Two weeks later Sally Benson was having breakfast in her Greenwich home watching the morning news before she headed to her office. As usual she had on the local channel that today focused on a news conference in Brookdale, Connecticut. The county sheriff, a good looking guy named Piccolo with wavy salt and pepper hair, was standing in front of the camera with local officials. They were closing Arrowhead Lake to the public. Well, that wasn’t anything new. Parts of it had been shut down before during the summers because of high bacterial levels, but that wasn’t it this time. They were closing the lake because there was shark in it.
At first she thought she hadn’t heard right. A shark? In the lake? She turned up the volume. They weren’t kidding. This was the second time someone had been bitten. They hadn’t believed it the first time, but now this sheriff said there had been a second attack on a young water skier. There was no doubt he had been bitten by a shark. The Brookdale selectman and the Marbury mayor said the lake would be closed for the public’s safety until a full investigation could be made.
What was this going to do to real estate prices? She and Beth had just signed a contract bigger than any they had ever dreamed of to sell houses on the lake. Now the goddamned thing was being closed?
Sally watched as the news media asked all the obvious questions. How could a shark get into a lake and survive nonetheless? How were they going to look for it? The town officials didn’t have many answers, but were intent on keeping the public out of Arrowhead in the meantime.
The news conference ended with an appeal for everyone to stay out of the lake until further notice. It was punctuated with pictures of the young victim’s badly injured arm and the leg of the earlier victim. Sally turned off the set. In twenty years of selling real estate she had never run into something as screwy as this.
What the hell was she and Beth supposed to do with three properties they were about to negotiate for the Swiss client? Who the hell wanted a waterfront house on a lake with a shark in it? The guy behind the numbered account wouldn’t want one either.
She decided to call Beth at home. Beth answered on the first ring.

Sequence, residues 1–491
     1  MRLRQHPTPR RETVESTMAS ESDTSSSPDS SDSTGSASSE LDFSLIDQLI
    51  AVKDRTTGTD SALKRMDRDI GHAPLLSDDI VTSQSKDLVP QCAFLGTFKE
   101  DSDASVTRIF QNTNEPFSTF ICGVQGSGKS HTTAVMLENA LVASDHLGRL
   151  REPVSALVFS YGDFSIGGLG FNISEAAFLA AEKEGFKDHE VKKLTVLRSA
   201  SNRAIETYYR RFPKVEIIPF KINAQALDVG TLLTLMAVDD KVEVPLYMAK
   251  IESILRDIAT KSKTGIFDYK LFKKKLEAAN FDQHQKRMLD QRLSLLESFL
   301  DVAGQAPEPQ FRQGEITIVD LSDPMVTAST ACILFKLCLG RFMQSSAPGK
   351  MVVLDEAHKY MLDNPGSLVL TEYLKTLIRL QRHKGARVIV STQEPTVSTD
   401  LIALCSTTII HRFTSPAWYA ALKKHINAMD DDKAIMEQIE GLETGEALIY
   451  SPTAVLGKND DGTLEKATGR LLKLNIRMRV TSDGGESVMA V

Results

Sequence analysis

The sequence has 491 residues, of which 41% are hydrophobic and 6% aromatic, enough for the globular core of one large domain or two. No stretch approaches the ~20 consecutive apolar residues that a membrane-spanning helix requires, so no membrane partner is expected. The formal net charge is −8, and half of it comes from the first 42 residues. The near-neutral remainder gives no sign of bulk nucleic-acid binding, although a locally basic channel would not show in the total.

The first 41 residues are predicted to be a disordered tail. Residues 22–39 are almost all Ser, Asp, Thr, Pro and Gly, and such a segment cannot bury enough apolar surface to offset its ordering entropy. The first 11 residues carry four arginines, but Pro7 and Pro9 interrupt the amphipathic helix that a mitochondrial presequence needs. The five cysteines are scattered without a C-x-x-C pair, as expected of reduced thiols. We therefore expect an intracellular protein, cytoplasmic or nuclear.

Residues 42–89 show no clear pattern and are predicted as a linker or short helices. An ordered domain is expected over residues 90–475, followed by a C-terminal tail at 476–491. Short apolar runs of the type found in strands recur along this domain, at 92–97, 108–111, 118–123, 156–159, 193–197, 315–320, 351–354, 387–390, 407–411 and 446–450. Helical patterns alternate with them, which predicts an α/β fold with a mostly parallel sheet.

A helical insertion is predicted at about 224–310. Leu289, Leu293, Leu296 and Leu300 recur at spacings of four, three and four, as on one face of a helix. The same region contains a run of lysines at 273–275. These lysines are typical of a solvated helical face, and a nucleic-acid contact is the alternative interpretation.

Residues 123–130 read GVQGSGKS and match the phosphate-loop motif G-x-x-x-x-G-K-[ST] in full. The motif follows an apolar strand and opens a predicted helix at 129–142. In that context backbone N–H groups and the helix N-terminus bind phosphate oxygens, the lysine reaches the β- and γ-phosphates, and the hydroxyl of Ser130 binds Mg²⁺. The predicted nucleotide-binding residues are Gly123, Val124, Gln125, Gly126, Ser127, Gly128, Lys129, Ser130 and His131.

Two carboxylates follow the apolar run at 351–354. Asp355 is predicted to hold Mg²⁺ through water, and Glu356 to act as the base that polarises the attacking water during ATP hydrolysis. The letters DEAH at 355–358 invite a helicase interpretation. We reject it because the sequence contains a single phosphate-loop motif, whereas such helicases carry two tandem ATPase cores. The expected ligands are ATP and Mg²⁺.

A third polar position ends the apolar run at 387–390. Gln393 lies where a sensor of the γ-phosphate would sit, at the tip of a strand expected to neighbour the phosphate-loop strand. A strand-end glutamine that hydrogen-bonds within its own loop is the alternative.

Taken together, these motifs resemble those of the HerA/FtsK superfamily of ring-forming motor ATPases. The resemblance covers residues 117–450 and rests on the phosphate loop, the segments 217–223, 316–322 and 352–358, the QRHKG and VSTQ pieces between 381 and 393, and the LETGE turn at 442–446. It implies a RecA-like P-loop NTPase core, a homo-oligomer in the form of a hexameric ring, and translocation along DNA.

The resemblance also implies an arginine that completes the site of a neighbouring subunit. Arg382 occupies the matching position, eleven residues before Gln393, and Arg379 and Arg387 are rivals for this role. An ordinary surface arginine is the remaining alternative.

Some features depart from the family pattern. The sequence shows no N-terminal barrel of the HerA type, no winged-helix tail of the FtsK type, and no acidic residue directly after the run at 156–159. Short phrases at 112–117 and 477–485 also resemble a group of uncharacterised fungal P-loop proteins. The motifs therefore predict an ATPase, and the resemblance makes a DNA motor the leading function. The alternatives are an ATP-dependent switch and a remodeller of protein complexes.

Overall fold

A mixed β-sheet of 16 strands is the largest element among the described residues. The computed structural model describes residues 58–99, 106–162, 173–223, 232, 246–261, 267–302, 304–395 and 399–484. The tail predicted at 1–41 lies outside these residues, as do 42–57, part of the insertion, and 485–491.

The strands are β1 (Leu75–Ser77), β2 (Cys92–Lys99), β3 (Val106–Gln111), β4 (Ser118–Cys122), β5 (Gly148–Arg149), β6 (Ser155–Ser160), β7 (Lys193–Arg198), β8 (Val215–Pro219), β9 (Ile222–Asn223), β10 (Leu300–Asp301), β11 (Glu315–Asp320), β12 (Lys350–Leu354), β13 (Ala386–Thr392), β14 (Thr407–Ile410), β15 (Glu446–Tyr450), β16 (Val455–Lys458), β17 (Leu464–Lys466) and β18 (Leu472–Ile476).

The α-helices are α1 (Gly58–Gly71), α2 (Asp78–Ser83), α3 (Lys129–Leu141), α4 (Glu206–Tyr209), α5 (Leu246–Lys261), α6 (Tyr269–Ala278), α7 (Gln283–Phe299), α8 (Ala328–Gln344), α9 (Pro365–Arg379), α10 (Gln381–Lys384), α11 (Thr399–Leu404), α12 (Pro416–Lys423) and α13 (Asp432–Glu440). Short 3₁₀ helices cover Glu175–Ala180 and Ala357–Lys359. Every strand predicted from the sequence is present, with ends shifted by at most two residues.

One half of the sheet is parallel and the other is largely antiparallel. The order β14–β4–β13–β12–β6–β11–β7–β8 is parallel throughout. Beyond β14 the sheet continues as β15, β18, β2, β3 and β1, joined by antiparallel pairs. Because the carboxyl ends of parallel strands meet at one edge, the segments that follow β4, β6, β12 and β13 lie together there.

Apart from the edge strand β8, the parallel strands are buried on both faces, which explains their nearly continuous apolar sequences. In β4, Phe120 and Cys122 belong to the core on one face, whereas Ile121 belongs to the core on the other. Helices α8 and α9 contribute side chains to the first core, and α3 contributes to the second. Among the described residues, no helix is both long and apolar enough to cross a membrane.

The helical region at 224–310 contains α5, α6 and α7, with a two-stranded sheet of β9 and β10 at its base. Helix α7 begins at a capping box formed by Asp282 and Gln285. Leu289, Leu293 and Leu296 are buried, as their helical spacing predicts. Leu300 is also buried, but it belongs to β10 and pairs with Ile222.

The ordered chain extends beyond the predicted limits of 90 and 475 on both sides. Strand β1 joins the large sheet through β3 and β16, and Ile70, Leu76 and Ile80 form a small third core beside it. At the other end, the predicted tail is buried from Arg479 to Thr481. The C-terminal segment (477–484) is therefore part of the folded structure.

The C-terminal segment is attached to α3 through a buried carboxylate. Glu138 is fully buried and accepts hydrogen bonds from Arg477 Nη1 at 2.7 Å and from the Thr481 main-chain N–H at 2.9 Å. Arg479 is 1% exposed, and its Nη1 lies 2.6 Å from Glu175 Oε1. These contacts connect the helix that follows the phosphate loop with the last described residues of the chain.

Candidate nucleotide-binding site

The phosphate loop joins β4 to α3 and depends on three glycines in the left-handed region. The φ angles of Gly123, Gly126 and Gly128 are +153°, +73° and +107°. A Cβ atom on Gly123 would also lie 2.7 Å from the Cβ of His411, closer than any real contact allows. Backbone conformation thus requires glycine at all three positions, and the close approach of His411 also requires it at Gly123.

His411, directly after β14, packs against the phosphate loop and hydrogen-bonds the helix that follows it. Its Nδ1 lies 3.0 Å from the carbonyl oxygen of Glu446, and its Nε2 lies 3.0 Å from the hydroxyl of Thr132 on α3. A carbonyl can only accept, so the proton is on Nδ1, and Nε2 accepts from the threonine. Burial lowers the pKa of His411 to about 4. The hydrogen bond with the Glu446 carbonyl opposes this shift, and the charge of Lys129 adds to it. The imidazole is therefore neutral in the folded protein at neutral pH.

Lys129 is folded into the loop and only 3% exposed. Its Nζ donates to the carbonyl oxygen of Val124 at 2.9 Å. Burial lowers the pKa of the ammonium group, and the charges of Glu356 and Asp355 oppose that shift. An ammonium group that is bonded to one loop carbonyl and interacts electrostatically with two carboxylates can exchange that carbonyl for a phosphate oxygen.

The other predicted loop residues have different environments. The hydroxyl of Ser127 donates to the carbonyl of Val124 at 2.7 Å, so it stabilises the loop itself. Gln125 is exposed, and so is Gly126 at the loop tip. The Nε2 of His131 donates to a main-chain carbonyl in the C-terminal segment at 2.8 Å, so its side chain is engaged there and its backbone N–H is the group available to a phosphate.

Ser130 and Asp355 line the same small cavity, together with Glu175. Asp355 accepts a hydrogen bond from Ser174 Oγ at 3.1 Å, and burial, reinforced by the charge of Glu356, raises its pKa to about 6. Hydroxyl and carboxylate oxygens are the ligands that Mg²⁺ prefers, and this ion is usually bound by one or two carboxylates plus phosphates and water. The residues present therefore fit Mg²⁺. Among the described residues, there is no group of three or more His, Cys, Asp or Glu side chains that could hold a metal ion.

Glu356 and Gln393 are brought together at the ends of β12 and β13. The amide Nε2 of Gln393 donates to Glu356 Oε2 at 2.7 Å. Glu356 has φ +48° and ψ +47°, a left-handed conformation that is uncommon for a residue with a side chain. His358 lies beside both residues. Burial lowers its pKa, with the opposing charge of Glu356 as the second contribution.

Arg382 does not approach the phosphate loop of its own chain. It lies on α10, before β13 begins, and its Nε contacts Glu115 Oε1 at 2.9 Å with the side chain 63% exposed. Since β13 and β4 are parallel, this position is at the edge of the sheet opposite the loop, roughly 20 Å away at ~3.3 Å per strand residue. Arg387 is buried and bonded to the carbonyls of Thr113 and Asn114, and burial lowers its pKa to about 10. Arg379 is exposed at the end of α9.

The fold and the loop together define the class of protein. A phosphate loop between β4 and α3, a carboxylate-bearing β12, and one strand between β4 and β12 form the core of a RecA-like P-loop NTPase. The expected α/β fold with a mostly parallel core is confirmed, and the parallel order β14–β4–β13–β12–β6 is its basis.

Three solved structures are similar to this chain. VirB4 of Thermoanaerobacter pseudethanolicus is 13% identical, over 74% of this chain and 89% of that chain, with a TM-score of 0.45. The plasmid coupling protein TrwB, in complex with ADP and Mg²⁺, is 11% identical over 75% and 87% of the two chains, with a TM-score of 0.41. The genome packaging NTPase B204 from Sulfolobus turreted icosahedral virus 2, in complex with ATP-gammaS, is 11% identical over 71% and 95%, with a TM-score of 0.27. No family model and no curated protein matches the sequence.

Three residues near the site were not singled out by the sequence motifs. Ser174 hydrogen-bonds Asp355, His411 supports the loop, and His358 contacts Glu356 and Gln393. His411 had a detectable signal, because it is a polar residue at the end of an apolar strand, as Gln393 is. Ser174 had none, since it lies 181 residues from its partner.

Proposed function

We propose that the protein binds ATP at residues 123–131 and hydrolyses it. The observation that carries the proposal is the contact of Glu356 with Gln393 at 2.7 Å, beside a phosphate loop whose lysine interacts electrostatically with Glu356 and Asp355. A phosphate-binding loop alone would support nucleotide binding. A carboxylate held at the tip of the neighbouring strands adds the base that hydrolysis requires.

“Have you been watching the news?” was her first question.
“Yes,” Beth replied practically out of breath. “I was just about to call you.”
“Do you believe it? A shark in the lake.”
“I know, I was watching Channel four in New York. It’s all over the news.”
Sally hadn’t realized word of the shark had reached national proportions, but apparently it had. “Those three lakefronts for the Swiss just lost a bundle in value,” she said, knowing she was stating the obvious.
“I know,” Beth said. “Do you still think Welty’s client still wants them?”
“I have no idea, “Sally said, “but you know what? If he does, he’s going to get them for a hell of a lot less than a million apiece.”
Beth mentioned that their commissions would of course be lower, but who cared. With a shark in the lake, they would be thankful to have any buyers at all.
When they were finished talking, Sally called Welty in Zurich. Welty had heard the news and had spoken to his client immediately. He was not deterred in his desire to purchase property on the lake. “On the contrary,” Welty said, “his reply was that the shark would only serve to drive real estate prices down to his advantage. But he was certain the threat to the lake would end resulting in considerable profits later.”
“So he hopes to make money on other people’s fear,” Sally said accusingly.
“Or you could say on other’s optimism,” Welty countered. “Once buyers are confident there’s no longer a shark in the lake. Or possibly that there never was in the first place. It does sound rather preposterous doesn’t it Ms Benson.”
It certainly did. But somebody hiding behind a Swiss numbered account was betting that this shark would scare the hell out of rich people on the lake. He was also betting that the whole thing would later turn around and he could sell at high profits. If he was right, she would be making big commissions on both ends.
Her call to Welty ended with her thinking that his client knew something about this shark that no one else did. What was it?